Within miles of Little Rock however, I started to realise I was in big trouble, as I was seeing the higher speeds in gears. Near 40 in second, 55 in third, 75 plus in 4th (I think I hit 80 once or twice, or close to it). At first I tried to BS myself the speedo was off, and without a GPS thats all I was doin was guessing. Then I started timing mile posts at 60 per, and uh, negatory on that speedo error there Pig Pen, She's on pretty close. ARGHHHH! You wanna back er on down Earl?

  That last 150 miles home my mind was spinning, should I even try going up the driveway, and if not, where do I go. And I started wondering about a gear change, I think you and I even exchanged some emails about doing that, swapping gears. But I plowed on, and as I drove it, as I watched the miles unwind and as she talked to me, I resolved myself that I would at least try. And the closer I got, especially as I tooled it through Fayetteville double clutchin the upshift and snaking them in slick, and kept making takeoffs from lights, my confidence rose, I just knew it could. But still. The sign said 22.5% grade ahead.

  When I got here I stopped down on the highway looking up up at "El Capitan" and contemplated it one last time. I now knew it had the high gears. I knew on paper and from discussions, it couldnt do it. But with that last 200 miles of experience behind me, I felt the paper and opinions were moot. I dropped the clutch, mashed the pedal down, and aimed old Nellie for the barn. It was totally a non event, she stormed up here throwing pine cones, rocks, and boulders. My wife said she backed way off as I was really sprayin gravel.

  I had my Fire Fighter buddy up here a couple weeks ago. He owns the local trash company and was up to haul some stuff for me, and he spots the Bus next to the house and his eyes bugged out. Being he's been all around these parts haulin garbage, he's seen some whopper driveways, and rates mine as one of the steepest. He says " is that an MCI? Wow, another Bus nut. Next he says "how you get that &%)$#* thing up here?". I said I drove it. He was even more colorful when I related as it was a 4 speed stick.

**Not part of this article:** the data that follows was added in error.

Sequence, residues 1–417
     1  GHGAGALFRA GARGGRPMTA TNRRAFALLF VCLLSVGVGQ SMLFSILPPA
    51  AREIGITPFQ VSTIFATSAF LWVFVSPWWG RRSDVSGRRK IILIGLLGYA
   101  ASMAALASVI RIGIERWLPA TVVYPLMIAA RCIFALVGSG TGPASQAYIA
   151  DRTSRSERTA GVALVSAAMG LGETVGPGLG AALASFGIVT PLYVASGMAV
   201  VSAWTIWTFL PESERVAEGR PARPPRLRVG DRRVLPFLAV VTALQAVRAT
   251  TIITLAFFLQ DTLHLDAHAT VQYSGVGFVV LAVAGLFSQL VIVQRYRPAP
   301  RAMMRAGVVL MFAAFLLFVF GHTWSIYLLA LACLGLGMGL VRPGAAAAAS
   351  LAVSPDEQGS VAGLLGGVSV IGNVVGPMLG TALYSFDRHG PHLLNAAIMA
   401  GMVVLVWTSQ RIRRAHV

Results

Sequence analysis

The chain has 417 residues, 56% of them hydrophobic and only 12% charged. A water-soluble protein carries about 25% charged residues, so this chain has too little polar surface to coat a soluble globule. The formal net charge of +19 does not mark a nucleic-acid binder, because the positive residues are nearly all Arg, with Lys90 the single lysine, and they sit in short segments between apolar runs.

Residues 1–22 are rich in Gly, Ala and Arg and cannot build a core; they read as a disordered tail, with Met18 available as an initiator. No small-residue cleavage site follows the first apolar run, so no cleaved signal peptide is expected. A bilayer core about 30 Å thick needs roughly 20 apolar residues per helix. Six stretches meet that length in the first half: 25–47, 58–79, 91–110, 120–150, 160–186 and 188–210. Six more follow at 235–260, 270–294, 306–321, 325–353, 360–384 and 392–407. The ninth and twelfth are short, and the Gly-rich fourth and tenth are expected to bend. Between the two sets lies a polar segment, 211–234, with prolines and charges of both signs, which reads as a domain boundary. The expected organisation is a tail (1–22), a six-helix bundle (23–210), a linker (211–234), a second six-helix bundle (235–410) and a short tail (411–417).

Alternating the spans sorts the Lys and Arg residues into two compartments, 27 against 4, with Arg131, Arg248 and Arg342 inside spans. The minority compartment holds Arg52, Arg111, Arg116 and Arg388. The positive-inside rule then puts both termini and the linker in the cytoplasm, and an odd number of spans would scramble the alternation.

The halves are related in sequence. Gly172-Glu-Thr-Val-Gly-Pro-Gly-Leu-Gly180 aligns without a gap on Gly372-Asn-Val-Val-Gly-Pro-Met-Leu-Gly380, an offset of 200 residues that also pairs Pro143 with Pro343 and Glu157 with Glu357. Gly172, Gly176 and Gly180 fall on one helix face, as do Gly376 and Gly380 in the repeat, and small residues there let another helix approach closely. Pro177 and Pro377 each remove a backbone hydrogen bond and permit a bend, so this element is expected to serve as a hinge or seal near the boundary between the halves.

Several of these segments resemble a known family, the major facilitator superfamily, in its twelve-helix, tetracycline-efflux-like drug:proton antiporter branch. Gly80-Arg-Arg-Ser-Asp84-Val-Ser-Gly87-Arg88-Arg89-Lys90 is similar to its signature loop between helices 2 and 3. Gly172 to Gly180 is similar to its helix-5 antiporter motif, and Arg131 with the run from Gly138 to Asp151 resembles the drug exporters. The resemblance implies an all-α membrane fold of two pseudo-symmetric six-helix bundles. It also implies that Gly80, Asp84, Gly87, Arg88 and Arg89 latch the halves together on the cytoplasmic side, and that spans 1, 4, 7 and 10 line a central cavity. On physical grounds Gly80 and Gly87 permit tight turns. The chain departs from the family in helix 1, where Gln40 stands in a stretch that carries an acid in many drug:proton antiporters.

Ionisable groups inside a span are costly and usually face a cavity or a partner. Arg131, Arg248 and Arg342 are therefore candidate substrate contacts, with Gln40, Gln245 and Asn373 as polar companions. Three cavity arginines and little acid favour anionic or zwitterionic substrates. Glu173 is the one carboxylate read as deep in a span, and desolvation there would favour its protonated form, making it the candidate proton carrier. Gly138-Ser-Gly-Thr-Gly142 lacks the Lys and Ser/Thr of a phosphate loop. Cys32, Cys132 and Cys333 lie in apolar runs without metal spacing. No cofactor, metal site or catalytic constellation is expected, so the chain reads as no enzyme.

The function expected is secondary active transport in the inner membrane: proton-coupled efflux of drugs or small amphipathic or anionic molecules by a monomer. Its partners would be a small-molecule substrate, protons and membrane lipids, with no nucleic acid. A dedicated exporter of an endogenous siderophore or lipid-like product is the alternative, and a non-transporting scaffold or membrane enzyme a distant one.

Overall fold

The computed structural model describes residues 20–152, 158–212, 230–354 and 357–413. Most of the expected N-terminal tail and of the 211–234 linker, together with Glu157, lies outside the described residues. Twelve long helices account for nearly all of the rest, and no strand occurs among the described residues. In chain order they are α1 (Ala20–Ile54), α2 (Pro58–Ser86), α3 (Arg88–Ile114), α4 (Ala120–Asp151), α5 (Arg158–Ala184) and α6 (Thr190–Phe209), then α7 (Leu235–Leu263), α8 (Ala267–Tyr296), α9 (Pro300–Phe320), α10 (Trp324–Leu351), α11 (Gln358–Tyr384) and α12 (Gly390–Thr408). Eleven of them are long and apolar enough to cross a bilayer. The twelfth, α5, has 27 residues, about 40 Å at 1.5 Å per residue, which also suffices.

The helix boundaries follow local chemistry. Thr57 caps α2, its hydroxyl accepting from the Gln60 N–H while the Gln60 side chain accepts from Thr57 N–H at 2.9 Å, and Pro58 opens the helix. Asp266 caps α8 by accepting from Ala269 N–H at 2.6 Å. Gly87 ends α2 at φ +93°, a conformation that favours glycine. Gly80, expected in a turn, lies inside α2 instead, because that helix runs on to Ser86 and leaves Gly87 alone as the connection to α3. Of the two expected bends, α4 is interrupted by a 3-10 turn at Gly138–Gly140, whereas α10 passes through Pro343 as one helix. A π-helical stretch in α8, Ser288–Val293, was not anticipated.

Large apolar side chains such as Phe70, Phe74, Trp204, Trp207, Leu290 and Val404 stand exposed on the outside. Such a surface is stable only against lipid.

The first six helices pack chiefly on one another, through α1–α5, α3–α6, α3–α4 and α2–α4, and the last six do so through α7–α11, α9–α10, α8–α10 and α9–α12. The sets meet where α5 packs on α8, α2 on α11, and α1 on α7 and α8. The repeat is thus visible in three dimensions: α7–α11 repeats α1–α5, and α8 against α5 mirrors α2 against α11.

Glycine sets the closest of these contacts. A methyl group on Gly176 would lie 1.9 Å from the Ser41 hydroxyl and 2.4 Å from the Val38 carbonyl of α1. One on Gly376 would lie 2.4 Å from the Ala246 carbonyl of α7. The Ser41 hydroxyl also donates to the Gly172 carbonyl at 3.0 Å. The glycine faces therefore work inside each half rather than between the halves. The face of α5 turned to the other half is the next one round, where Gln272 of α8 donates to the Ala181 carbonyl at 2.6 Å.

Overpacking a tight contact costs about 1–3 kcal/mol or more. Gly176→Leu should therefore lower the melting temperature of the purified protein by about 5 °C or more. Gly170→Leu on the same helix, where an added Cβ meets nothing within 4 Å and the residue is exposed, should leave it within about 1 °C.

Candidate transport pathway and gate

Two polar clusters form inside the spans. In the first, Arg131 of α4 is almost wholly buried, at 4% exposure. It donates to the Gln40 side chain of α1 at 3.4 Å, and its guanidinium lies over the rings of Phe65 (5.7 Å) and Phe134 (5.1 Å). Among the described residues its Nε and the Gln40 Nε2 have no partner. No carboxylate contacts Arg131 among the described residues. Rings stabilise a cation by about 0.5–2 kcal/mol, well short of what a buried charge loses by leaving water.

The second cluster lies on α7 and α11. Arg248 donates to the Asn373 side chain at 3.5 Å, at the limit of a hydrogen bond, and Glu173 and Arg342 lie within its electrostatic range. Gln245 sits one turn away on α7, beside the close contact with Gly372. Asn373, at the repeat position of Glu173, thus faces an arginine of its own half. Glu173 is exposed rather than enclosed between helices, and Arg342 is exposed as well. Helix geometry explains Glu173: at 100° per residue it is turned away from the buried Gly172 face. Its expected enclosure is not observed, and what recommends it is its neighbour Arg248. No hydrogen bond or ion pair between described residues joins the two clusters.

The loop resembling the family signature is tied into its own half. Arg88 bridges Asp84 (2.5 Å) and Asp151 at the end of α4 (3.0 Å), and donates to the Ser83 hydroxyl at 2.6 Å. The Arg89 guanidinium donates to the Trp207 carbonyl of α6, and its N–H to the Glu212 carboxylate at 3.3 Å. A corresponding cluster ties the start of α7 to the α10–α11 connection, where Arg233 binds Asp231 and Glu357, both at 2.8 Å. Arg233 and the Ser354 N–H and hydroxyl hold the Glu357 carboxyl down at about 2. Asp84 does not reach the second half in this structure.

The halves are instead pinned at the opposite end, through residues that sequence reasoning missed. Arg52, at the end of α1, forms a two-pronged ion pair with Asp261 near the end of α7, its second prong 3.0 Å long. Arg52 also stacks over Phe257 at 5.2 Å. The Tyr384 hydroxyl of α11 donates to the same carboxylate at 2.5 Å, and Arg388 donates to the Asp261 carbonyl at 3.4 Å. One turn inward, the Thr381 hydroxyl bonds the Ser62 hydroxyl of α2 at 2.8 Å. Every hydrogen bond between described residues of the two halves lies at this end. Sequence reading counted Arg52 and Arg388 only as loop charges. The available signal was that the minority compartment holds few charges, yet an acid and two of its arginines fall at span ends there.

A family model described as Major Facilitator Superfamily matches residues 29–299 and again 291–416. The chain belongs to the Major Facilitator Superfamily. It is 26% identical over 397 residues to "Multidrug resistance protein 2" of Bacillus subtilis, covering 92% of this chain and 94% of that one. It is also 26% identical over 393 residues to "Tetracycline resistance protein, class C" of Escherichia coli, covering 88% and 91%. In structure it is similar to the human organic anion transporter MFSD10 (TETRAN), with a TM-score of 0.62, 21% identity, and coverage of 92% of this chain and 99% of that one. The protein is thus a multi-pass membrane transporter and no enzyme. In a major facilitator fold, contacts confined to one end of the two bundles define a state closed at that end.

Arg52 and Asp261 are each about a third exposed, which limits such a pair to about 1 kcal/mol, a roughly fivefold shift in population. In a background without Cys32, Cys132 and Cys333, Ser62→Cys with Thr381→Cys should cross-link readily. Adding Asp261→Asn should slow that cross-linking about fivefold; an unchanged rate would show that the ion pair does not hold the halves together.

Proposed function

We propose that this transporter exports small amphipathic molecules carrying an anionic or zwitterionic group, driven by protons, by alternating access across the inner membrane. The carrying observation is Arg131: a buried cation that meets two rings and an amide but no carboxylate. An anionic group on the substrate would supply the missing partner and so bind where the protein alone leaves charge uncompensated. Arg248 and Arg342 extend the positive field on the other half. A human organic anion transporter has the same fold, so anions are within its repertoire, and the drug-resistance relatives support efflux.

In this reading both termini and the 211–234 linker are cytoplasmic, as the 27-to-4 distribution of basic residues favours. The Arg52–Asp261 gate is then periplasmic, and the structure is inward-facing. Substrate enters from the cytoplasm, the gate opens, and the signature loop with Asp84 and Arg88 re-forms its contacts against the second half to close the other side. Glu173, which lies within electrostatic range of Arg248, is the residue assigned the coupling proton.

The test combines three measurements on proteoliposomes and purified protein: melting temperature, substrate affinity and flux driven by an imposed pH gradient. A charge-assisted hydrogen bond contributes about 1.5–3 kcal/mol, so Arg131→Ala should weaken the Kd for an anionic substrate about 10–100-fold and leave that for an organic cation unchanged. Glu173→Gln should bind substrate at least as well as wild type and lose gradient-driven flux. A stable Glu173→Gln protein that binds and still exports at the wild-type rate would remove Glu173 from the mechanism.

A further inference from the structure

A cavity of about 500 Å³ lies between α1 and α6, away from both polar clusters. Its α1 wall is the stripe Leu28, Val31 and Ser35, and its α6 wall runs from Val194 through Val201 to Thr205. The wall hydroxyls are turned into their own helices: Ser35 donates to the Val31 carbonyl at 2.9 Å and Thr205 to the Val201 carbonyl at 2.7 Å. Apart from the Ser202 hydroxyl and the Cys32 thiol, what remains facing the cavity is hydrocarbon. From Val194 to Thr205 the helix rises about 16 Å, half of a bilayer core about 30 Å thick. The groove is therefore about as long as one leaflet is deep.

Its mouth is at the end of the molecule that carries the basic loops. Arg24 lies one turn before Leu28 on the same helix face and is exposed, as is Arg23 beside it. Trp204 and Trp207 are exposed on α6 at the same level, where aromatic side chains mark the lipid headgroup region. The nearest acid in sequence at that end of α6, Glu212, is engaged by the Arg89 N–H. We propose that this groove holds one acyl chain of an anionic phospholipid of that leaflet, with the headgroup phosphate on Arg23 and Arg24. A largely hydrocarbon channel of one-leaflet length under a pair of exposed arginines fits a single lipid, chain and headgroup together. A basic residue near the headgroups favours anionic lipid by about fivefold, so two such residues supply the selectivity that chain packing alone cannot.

4:11 gears, man, I cant imagine what you would ever need those for, cept mayby India, 20,000 feet up on a goat trail. 
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bevans6
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« Reply #25 on: October 13, 2011, 11:25:41 AM »

The 4:11 gears are useful in metropolitan work, where top speeds might be 50 mph most days.  My bus has the 3.7 gears, in town I never get out of third gear, and  I have a problem getting going at a stop light that has a steep approach.  The 4.11's would be perfect for a bus that never got on a freeway.  On the other hand, starting on that steep approach to a light would be a lot harder with the 3.4's.

Brian
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1980 MCI MC-5C, 8V-71T from a M-110 self propelled howitzer
Spicer 8844 4 speed Zen meditation device
Vintage race cars -
1978 Lola T440 Formula Ford
1972 NTM MK-4 B/SR
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« Reply #26 on: October 13, 2011, 11:34:50 AM »

 A Eagle bus don't have a problem starting on a grade with a 6v92,740 and 3:36 gears and they are a 40ft bus 3:36 or 3:73 were the standard

good luck
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« Reply #27 on: October 13, 2011, 01:18:09 PM »

With a 740, i wouldn't have a problem either, but with a 4 speed Spicer first gear can seem a little high sometimes...   Grin

Too high for a dead throttle start, have to balance brake/throttle and clutch, raining, rush-hour, lost, been driving for 10 hours, allergies kicking in.  You get the picture...   Grin

Brian
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1980 MCI MC-5C, 8V-71T from a M-110 self propelled howitzer
Spicer 8844 4 speed Zen meditation device
Vintage race cars -
1978 Lola T440 Formula Ford
1972 NTM MK-4 B/SR
luvrbus
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« Reply #28 on: October 13, 2011, 01:29:28 PM »

Yea I keep forgetting some still have 4 speeds with the screwed up reverse   Shocked
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bevans6
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« Reply #29 on: October 13, 2011, 01:40:36 PM »

The guy who sold it to me said "manly men drive standards" or some such hogwash, and I believed him...   Cheesy

brian
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1980 MCI MC-5C, 8V-71T from a M-110 self propelled howitzer
Spicer 8844 4 speed Zen meditation device
Vintage race cars -
1978 Lola T440 Formula Ford
1972 NTM MK-4 B/SR